Xentorns: A symbolic transgender?

The Joy of Painting

The Joy of Painting (Photo credit: Wikipedia)

As I am a creator of the setting and the creator of the Xentorn race it seems odd I should write an essay asking if the race is symbolic of something, but truth be told creators and authors do sometimes put symbolism in places unintentionally on a conscious level, but on an unconscious one we totally meant to do that; other times it’s, in the immortal words of Bob Ross, a happy accident.

The argument regarding these pink/purple skinned empaths is the simple fact that, while they have male and female on a biological level and words to denote the two sexes, they only have one gender and it’s female.  Their language has but one pronoun and they are adamant that in all languages with a feminine pronoun that it be what’s used to translate their own, though they make no insistence in how a person addresses them in conversation in those languages — a male Xentorn is happily enough “he” when speaking to you or I as simple concession to our grammar norms, but is always “she” in his (or is it her?) own language.

Now I could argue that, no.  Xentorns just look at the world in a way that says that the core, heart, spirit of all living beings is female and that pronouns are references to the Self rather than the being that is incarnate before you and thus they don’t see a point if having a word for he/him/his.  Too I could argue that there is no transgenderism in their basic make up since the species doesn’t argue with anyone except linguists translating Xentoran texts over pronouns — Humans have words for him and her, they’re cool with this and won’t tell you not to (well, most won’t).

But that isn’t really being fair to the underlying argument:  are they a symbol of transgenderism given that they believe that, in the end, they are female regardless of sex?  Socially they’re all genderless — fashion is dictated by what’s between one’s legs only in a pragmatic sense same goes for the shape of one’s hips and chest; besides that a great portion of Xentoran fashion is rather unisex loose and flowing garments that reveal the body through being sheer rather than by clinging.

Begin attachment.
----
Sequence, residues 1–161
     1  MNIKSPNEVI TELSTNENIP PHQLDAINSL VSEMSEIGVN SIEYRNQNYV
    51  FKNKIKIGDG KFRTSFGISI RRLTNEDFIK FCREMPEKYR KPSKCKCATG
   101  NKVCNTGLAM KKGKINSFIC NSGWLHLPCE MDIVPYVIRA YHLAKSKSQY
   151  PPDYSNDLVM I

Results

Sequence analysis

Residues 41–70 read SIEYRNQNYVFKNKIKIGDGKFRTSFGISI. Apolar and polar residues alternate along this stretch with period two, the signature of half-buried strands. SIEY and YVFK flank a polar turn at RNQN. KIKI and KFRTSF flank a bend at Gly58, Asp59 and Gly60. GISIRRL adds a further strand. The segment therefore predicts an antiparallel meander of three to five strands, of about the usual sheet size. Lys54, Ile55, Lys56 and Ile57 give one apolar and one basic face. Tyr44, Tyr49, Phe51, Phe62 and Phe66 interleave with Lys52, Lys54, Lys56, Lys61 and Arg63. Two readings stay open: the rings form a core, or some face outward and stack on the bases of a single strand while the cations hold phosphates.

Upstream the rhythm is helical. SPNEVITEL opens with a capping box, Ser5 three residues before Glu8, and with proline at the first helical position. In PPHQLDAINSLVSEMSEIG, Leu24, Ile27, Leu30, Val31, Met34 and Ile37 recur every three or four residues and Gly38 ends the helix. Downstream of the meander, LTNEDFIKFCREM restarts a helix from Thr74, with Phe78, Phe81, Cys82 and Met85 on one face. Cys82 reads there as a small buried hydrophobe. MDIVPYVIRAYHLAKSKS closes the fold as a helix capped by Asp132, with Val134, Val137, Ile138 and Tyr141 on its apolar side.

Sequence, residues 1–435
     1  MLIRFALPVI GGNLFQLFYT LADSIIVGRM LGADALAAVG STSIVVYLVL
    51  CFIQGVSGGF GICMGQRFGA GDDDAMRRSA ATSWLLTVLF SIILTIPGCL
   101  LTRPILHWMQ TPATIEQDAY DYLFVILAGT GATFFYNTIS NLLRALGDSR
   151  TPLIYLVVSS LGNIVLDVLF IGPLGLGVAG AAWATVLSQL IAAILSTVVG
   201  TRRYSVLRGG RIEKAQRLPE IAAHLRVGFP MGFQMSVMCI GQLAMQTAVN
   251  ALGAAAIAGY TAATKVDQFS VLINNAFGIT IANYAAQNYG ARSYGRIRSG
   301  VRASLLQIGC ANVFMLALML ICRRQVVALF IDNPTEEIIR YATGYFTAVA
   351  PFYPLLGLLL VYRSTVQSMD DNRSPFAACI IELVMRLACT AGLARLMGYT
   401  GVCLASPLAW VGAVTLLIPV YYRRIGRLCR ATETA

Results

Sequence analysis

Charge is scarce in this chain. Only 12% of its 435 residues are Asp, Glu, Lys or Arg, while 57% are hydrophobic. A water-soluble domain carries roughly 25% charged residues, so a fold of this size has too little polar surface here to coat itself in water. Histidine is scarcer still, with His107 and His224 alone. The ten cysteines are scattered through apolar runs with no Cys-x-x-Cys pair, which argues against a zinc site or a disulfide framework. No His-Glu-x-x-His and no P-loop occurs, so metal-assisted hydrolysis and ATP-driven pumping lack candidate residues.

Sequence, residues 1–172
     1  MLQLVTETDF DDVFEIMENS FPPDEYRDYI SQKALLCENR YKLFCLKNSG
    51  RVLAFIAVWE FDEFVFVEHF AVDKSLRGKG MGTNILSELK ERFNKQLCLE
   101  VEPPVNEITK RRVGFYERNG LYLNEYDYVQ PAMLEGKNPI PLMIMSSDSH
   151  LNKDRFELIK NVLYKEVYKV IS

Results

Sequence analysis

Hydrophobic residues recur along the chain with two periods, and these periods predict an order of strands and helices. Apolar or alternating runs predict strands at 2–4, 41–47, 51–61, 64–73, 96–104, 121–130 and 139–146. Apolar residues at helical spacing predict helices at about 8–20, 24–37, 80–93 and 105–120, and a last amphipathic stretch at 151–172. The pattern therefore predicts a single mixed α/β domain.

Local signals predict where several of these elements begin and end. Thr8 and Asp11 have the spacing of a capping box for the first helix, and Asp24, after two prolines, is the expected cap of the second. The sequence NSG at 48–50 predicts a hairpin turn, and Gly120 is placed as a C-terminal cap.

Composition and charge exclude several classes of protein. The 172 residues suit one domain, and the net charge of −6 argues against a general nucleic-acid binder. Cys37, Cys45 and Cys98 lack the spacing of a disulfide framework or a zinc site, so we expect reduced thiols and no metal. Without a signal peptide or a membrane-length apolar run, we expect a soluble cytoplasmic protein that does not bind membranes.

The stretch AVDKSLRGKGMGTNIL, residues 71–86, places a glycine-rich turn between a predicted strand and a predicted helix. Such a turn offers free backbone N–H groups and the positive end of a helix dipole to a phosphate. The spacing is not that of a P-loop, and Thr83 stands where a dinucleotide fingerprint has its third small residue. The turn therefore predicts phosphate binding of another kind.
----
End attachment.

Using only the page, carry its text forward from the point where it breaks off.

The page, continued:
Certainly there’s an argument for their androgyny which is, frankly, undeniable.

I won’t answer here if they are or are not symbolic of anything.  The reason is simple:  if they are, it wasn’t intended, so I’d be applying literary analysis crap to my own work which gives me a headache (and given that one such technique is called “death of the author” I find morbid and creepy enough when other people do it … it feels suicidal to attempt it on myself).

I will say that I am, myself, not gender-normal for a male born and raised in the United States during this last part of the 20th Gregorian century and first part of the 21st.  I do like and do things considered quite feminine and will unabashedly admit that I tend to envy the women I know for various things.  If we accept that, on the spectrum of gender, I do not align perfectly with my sex, then on a subconsious level, yes the Xentorns could possibly be some kind of projection of a desire for an entire race and culture of transgender beings.  Certainly it did lead to some very curious contemplations on whether or not the race has any incidents of, and if so to what extent, of transsexualism.  That, however, is pure speculation as we do not pin down demographic statistics since they’re quite irrelevant to anything — there’s never going to be a Universal Nexus story about every Xentorn in the universe and until there are the only thing that’s important is — does the race have transsexuals?  The answer, by the way, is yes because their brains are not too dissimilar from our own and there’s a difference in one part in cisgendered males/females that is the “wrong” way round in a lot of transsexuals, and by that alone there must be, I’m just not going to contemplate their commonality or rarity because it doesn’t matter — you want a transsexual Xentorn in your story or game, go for it — they exist.

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